Call Nicola’s bluff! Boris Johnson urged to call snap Scottish independence referendum

Nicola Sturgeon appears in SNP election campaign advert

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The PM was warned he must change tactics and allow a snap independence referendum in order to halt Nicola Sturgeon’s pursuit to break up the UK. Mr Johnson has been told he must abandon his refusal to call a second vote on Scotland’s independence by Philip Rycroft, permanent secretary at the Department for Exiting the European Union until 2019. And Cabinet members have called on Mr Johnson to call an unexpected referendum to catch Ms Sturgeon and the SNP on the hop.

With the SNP expected to win a majority in next month’s Holyrood election, Mr Rycroft warned the Prime Minister’s refusal of a second vote was fuelling the argument for Scottish independence.

Ahead of the election next month, Mr Rycroft claimed a nationalist majority is now “likely to transpire” and will add fuel to Ms Sturgeon’s hopes of a second independence vote in the first few years of the party’s term.

In his paper, a ‘Union at the Crossroads: Can the British State Handle the Challenges of Devolution?’, Mr Rycroft claimed the First Minister has shown great skill in navigating the pandemic.

The First Minister’s lockdown strategy has also cast doubts over Mr Johnson’s handling of the crisis and therefore improved her chances of an independence referendum, Mr Rycroft claimed.

He added: “Nicola Sturgeon’s presentational skills, and growing doubts about Johnson’s handling of the crisis, meant that her approval ratings improved while his diminished markedly in both Scotland and England.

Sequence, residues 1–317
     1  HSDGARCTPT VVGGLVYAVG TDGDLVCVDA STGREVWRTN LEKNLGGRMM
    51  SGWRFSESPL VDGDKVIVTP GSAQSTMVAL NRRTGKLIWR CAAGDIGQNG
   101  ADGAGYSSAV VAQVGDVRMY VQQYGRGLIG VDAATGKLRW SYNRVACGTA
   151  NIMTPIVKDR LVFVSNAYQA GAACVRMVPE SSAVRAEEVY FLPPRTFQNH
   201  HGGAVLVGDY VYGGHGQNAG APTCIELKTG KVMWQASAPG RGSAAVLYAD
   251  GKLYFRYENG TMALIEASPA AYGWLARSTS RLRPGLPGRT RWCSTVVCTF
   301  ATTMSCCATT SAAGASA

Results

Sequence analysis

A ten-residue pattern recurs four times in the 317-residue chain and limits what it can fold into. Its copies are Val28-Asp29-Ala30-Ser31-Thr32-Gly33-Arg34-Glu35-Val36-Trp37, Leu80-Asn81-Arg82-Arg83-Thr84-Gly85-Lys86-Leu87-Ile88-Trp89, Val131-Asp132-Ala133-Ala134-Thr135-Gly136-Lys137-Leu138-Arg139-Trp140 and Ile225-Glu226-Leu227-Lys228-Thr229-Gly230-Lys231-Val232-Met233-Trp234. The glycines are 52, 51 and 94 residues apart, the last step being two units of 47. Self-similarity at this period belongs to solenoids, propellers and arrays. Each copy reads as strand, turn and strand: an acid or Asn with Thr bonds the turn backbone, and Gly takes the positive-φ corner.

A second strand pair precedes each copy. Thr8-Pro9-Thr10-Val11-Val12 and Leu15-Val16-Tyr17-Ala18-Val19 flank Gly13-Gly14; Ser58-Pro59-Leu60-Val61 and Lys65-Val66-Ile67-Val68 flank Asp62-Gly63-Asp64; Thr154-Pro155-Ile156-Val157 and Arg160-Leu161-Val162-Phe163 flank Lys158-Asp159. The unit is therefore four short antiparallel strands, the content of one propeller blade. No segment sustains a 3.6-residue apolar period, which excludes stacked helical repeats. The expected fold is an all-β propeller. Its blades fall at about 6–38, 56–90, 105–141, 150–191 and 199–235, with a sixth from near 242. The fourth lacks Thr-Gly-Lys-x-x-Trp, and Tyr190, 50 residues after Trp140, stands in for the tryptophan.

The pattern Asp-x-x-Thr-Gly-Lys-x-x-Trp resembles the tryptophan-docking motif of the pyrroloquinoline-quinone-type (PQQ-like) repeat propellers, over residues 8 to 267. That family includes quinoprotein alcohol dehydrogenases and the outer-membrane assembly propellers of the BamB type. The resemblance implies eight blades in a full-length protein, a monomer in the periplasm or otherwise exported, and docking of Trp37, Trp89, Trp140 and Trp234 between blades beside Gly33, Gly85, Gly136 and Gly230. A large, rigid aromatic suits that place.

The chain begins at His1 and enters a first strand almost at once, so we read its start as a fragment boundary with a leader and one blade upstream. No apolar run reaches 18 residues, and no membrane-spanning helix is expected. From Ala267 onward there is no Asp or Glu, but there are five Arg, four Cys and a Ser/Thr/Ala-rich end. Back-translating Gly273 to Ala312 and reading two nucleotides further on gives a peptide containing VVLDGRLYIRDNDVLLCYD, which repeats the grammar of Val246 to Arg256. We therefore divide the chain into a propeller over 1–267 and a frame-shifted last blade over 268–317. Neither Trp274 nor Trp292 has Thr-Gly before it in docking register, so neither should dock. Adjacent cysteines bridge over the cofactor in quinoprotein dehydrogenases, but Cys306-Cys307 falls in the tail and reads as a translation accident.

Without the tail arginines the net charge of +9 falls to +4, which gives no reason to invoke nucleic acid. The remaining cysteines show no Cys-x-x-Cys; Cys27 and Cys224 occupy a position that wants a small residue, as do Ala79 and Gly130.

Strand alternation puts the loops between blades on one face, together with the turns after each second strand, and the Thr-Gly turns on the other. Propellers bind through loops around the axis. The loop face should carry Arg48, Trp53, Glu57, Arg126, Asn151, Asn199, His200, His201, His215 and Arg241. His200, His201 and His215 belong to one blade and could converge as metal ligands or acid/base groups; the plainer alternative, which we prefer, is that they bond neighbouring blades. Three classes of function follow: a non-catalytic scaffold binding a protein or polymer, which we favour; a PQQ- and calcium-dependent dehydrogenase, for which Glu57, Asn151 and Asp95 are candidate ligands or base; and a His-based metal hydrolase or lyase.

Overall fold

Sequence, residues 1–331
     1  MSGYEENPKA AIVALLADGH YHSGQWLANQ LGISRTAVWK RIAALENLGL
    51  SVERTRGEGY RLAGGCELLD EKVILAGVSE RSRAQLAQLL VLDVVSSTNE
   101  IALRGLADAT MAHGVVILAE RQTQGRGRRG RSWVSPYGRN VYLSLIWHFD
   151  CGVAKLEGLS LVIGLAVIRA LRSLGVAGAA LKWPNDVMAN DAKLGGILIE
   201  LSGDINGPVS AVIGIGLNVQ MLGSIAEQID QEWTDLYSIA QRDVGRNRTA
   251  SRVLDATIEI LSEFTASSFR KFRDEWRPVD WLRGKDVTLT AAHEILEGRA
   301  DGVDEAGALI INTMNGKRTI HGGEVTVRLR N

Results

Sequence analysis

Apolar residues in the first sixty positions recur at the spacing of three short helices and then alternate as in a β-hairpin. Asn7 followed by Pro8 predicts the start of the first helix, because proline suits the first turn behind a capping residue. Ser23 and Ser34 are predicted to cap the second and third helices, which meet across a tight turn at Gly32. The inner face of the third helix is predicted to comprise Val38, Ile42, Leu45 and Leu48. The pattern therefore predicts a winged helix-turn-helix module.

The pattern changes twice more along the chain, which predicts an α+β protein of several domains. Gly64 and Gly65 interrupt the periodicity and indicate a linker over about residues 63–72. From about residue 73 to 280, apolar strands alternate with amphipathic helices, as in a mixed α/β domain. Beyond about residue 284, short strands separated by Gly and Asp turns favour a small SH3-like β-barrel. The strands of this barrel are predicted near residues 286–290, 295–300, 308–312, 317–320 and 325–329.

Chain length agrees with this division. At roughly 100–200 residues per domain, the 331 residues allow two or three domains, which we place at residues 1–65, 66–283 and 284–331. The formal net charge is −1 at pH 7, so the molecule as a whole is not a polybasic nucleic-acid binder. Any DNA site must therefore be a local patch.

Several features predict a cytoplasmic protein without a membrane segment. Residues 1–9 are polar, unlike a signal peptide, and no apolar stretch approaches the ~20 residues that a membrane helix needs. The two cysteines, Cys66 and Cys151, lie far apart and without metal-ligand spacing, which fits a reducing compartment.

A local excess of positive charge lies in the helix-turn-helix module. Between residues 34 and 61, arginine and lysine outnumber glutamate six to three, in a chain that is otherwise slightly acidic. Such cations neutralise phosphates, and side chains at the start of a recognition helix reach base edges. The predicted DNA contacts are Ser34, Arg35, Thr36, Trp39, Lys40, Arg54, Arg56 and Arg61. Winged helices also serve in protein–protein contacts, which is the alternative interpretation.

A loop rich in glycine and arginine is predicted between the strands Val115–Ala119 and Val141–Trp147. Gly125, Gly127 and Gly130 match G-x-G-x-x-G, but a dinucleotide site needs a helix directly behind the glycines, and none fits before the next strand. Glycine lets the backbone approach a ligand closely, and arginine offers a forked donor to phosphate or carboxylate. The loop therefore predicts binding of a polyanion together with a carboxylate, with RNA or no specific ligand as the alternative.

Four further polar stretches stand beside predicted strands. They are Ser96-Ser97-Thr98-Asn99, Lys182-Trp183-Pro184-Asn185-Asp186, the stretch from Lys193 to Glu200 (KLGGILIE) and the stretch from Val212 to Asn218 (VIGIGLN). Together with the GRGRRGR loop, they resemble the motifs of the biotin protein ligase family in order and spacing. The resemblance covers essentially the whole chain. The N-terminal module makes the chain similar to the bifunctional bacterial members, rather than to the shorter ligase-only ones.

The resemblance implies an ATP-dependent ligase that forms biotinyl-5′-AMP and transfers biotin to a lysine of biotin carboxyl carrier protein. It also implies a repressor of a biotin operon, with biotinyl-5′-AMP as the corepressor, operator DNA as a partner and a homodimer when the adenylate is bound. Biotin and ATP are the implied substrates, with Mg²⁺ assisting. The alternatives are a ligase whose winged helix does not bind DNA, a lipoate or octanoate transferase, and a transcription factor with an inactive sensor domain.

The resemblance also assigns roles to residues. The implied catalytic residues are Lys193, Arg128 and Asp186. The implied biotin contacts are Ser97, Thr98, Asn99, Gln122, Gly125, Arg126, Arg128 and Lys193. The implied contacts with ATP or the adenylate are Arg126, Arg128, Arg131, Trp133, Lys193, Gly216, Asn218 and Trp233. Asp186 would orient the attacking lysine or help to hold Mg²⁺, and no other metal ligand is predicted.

“The pandemic has shone a harsh, unforgiving light upon the poorly developed, and often mistrustful, relationships between the devolved and UK governments, and set the scene for growing doubts about the future viability of the devolved Union.”

With the future of the UK in doubt, Mr Rycroft also compared Mr Johnson’s style to Scottish independence as similar to the Tories’ opposition to Irish home rule which failed to prevent the creation of the Irish Republic.

Mr Rycroft also warned Brexit had created severe issues for Britain’s political institutions since 2016.

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He said: “The future of the UK is increasingly in doubt.

“Ever since the vote to leave the European Union in June 2016, Britain’s political institutions have been racked by the turbulence triggered by Brexit.”

Amid the calls to change tact over Scotland’s independence, one minister claimed Mr Johnson cannot say no to a second vote for much longer.

They told The Sunday Times: “I don’t see how we keep saying ‘no’ forever.

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“The time to do it would be in the middle of economic chaos, not when it’s all looking rosy.”

A second source said: “Boris has said a lot about honouring democratic votes after the EU referendum.

“If people vote for a referendum in Scotland, ultimately they’ll have to have one.”

Amid the pressure to hold a second independence vote, Ms Sturgeon insisted the Prime Minister will not stop a second vote if her party wins a majority.

She told The Guardian: “If people in Scotland vote for a party saying, ‘when the time is right, there should be an independence referendum’, you cannot stand in the way of that, and I don’t think that is what will happen.

“People will always challenge that because of what the supposed position of the UK government is.”

The SNP currently holds 61 seats in the Scottish Parliament and is expected to increase that share next month.

There is concern, however, Alex Salmond’s Alba party may splinter those in favour of an independent Scotland.

Mr Salmond, however, has claimed his party is hoping to secure a supermajority for independence.

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